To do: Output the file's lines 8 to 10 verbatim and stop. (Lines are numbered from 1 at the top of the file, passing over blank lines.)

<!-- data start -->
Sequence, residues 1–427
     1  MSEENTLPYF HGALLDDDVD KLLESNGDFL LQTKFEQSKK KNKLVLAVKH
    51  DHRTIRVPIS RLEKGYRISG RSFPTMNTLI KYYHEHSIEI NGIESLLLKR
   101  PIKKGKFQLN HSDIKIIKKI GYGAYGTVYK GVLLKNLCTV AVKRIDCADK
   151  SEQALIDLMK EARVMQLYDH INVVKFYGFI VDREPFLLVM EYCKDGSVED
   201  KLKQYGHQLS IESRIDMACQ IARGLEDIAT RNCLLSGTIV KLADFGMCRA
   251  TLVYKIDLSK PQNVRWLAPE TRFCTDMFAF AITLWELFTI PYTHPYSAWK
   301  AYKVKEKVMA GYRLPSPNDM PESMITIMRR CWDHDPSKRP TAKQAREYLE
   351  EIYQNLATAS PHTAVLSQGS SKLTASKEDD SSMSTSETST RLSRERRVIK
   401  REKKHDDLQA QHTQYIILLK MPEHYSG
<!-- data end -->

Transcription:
   301  AYKVKEKVMA GYRLPSPNDM PESMITIMRR CWDHDPSKRP TAKQAREYLE
   351  EIYQNLATAS PHTAVLSQGS SKLTASKEDD SSMSTSETST RLSRERRVIK
   401  REKKHDDLQA QHTQYIILLK MPEHYSG